UW Today

This is an archived article.

October 25, 2001

Hormone therapy and cancer: Public Health’s Distinguished Faculty Lecture features Noel Weiss speaking on a quarter-century of studies

Questions about cancer have been linked, almost from the beginning, to the use of hormone replacement therapy for women after menopause.


Scientists have long understood that taking unopposed estrogens – estrogens without a progestogen – can cause proliferation of cells in the endometrium, the lining of the uterus. Because of the link between growth of cells in general and development of malignancies, researchers suspected that using estrogens could cause endometrial cancer.


Dr. Noel Weiss, professor of epidemiology in the School of Public Health and Community Medicine and a member of the Fred Hutchinson Cancer Research Center, first confirmed this suspicion in 1975. His analysis showed a sharp increase in the incidence of endometrial cancer in the United States, an increase that paralleled a sharp increase in estrogen use among American women.


Weiss will speak about his work at a Distinguished Faculty Lecture sponsored by the School of Public Health and Community Medicine. The event begins at 3 p.m., Tuesday, Oct. 30, in room D-209 of the Health Sciences Center. Weiss will speak at 3:30 p.m. His topic is “Postmenopausal Hormone Therapy and the Incidence of Endometrial Cancer.”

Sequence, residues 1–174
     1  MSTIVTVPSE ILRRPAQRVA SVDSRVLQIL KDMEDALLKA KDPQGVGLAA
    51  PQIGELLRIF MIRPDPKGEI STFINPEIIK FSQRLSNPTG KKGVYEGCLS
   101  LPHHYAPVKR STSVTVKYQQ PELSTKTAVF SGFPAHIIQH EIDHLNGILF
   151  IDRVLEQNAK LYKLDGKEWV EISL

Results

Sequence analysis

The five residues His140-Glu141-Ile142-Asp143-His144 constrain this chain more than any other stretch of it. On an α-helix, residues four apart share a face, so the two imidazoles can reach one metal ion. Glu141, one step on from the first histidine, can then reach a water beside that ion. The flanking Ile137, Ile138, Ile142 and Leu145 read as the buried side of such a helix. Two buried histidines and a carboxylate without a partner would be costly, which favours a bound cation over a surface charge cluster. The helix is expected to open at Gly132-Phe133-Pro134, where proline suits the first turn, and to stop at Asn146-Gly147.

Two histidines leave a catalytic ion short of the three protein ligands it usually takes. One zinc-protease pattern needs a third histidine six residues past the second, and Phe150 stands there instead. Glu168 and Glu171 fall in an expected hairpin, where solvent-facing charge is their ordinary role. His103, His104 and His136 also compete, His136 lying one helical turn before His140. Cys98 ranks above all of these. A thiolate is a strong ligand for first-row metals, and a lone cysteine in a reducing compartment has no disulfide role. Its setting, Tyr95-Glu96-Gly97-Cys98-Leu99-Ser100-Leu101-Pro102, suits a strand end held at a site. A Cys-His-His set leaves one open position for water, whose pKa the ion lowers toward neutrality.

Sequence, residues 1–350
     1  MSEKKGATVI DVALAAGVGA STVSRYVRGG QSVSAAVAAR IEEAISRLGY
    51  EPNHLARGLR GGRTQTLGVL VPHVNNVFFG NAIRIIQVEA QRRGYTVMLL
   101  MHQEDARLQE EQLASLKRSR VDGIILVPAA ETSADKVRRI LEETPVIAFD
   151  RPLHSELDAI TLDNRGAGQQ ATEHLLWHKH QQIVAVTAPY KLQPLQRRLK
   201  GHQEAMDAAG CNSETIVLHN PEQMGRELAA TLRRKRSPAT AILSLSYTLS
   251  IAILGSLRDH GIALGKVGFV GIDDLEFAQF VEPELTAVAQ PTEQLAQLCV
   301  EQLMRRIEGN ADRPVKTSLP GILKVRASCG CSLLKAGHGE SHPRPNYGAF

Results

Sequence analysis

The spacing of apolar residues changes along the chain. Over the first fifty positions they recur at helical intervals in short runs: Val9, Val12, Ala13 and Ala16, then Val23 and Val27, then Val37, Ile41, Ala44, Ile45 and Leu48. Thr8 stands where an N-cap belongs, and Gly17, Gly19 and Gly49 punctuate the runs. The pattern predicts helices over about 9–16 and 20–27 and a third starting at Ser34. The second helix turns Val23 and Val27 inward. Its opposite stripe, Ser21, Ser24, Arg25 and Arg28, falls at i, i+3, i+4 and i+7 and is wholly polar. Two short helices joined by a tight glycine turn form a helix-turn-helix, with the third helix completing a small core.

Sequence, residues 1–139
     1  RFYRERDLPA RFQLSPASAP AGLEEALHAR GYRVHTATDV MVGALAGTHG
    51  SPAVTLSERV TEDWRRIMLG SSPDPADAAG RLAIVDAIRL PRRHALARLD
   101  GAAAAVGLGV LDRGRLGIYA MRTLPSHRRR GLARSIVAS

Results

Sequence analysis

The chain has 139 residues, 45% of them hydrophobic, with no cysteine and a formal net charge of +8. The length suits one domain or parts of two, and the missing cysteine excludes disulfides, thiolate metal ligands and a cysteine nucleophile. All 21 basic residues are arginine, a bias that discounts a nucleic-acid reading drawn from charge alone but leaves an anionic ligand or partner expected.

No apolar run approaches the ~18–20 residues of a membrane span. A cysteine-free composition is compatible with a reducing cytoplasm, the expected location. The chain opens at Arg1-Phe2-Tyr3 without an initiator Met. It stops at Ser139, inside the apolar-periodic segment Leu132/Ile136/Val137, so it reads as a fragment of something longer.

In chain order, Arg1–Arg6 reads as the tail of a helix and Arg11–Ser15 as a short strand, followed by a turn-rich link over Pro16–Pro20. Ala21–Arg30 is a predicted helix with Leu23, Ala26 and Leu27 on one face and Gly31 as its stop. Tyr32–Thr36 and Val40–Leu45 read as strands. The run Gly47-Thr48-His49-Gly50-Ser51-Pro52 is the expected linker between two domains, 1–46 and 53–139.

Since his initial studies in the 1970s, he has continued to investigate the relationship between cancer and different doses and methods of hormone therapy, working with various colleagues. Since the 1980s, combination therapy using both estrogen and progestogen has been used. Weiss is now focusing on long-term effects of continuous combined therapy, which is the most commonly prescribed. His group is also trying to identify genetic characteristics that make some women susceptible to hormone-related endometrial cancer, while others are not.


Weiss did his undergraduate work and earned an M.D. degree from Stanford University. He then went to Harvard’s School of Public Health, where he completed a doctor of public health degree in 1971, specializing in epidemiology and biostatistics.


He came to the UW in 1973 as head of the Cancer Surveillance System at the Hutchinson Center and assistant professor in the UW Department of Epidemiology. From 1984 until 1993, he was chair of epidemiology.